For political operatives that may mean deploying different spokespeople for different media. For example, if it’s the lower middle class you want to target, send those folks who can sound as if they are one of them. I don’t mean that condescendingly. Joe Biden may make a good source on TV news because he has a working class persona, whereas John Kerry may not.

There is some unabashed good news in the survey results.

Reflecting the slow decline in the proportion of people getting most of their national and international news from television, the numbers specifically citing cable news outlets or broadcast networks as their main news source has fallen. When asked where on television they get most of their news, 36% name a cable network such as CNN, the Fox News Channel or MSNBC; 22% name ABC News, CBS News or NBC News; and 16% say they get most of their national and international news from local news programming.

TV is constrained by its format. Rarely are issues covered in-depth and without prejudice or bias. If more people read the news online, they would be caught up in the world of hyperlinks, taking them to new sources that allow them to gain more knowledge and hopefully a broader range of viewpoints, though that’s not guaranteed.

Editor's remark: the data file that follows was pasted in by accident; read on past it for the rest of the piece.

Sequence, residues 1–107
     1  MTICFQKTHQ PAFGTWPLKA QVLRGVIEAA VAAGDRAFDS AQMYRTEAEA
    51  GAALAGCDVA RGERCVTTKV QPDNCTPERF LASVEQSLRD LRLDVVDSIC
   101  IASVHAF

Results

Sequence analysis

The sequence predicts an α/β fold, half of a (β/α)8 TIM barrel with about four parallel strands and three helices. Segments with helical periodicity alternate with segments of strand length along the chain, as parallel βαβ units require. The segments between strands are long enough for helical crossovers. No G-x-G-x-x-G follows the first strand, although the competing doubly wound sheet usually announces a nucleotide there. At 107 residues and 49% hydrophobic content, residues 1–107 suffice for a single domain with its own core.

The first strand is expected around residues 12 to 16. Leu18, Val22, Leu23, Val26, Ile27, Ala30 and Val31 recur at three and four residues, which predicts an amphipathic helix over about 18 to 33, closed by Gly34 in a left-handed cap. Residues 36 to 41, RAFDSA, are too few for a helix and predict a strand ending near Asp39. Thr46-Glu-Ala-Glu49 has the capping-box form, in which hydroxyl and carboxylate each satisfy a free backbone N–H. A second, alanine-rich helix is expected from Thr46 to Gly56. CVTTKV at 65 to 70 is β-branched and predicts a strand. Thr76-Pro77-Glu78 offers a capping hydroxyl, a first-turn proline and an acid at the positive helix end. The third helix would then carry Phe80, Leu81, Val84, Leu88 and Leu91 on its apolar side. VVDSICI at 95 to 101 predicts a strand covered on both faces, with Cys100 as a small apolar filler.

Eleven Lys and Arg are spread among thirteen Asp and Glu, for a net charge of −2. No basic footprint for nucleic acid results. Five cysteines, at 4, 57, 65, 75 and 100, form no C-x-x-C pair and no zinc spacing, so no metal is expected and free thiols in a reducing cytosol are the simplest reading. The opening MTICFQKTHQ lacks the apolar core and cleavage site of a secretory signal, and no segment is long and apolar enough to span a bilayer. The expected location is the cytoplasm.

But here’s the best news. The percentage of people who say they get their news from radio has remained constant over the past 20 years. Alas, they all aren’t listening to NPR; many are Limbaugh ditto-heads. According to Carroll Doherty of the Pew Center, NPR’s audience mirrors the general demographics of the population, so both young and old are listening. Why has radio remained constant? Because traffic hasn’t improved most places. Radio listeners tend to be in their cars at the time.